These have all worked well for me, as they were or are being used for more than just working on creating documentation, but actively for discussions, and creating and maintaining a database of relevant information for current and future users.
They’re designed to be more long-term and regularly evolving, whereas I see Google Doc and Dropbox as resources that are used while things are in progress (Google Docs) or when complete (Dropbox). Wikis are more useful for regular, ongoing activities, and to hold reference materials, and for these reasons they’re more useful resources for me than the other collaborative tools.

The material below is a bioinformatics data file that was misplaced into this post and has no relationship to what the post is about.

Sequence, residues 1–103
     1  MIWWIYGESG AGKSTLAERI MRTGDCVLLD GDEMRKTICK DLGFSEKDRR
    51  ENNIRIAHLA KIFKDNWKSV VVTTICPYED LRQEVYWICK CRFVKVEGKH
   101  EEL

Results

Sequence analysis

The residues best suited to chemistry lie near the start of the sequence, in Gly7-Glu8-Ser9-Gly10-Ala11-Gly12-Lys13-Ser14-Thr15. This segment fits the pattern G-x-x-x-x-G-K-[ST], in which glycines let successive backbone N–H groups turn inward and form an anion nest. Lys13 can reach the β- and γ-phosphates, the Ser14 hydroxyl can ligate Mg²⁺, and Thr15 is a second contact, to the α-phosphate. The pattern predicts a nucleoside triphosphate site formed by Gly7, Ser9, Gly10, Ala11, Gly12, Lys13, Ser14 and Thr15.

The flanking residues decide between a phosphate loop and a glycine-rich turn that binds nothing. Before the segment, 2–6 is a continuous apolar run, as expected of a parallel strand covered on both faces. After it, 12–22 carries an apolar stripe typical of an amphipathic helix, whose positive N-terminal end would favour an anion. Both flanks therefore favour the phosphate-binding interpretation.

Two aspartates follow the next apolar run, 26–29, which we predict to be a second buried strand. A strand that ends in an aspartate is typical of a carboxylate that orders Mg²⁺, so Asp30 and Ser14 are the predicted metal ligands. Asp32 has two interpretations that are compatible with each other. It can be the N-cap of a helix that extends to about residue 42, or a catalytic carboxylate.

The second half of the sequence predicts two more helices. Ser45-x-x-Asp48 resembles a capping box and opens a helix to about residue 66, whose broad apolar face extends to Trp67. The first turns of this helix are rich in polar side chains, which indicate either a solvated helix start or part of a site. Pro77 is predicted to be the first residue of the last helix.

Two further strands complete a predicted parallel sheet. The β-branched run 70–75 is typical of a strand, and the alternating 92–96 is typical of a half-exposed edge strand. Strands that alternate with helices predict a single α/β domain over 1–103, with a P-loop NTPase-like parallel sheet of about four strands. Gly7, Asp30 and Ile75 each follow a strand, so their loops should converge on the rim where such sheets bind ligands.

Reluctantly professional

I try and pretend I’m not, and keep it well hidden, but actually, I can be quite Grown Up and Professional. So much so that I’m going to be Revalidating my Chartership this year – ohhh, get me, eh?

But…I am not-so-good at saying why I’m fabulous, or keeping up with collating my evidence of professional activity nice and accessible in a voluntary way, so I’ve got two things that are going to help me with Revalidation. The first is my employers internal appraisal system – as our Library service’s work is entirely internally focussed, it’s important to be able to demonstrate that we’re still maintaining a high standard of professionalism and awareness of activities and developments both in and outside our specialist fields. The appraisal system allows my boss and I to set realistic targets and activities, keep track of them, and update them as progress is achieved. All of which works nicely with the Revalidation process!